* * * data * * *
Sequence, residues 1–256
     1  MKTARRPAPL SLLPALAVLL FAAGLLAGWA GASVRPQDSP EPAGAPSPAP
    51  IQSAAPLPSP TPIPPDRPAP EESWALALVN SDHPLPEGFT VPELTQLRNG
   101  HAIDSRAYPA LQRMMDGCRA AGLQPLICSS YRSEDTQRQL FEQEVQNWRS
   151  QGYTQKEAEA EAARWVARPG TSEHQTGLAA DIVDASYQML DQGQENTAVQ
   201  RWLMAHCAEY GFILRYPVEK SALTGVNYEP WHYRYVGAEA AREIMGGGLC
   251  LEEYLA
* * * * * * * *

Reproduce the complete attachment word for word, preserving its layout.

Sequence, residues 1–256
     1  MKTARRPAPL SLLPALAVLL FAAGLLAGWA GASVRPQDSP EPAGAPSPAP
    51  IQSAAPLPSP TPIPPDRPAP EESWALALVN SDHPLPEGFT VPELTQLRNG
   101  HAIDSRAYPA LQRMMDGCRA AGLQPLICSS YRSEDTQRQL FEQEVQNWRS
   151  QGYTQKEAEA EAARWVARPG TSEHQTGLAA DIVDASYQML DQGQENTAVQ
   201  RWLMAHCAEY GFILRYPVEK SALTGVNYEP WHYRYVGAEA AREIMGGGLC
   251  LEEYLA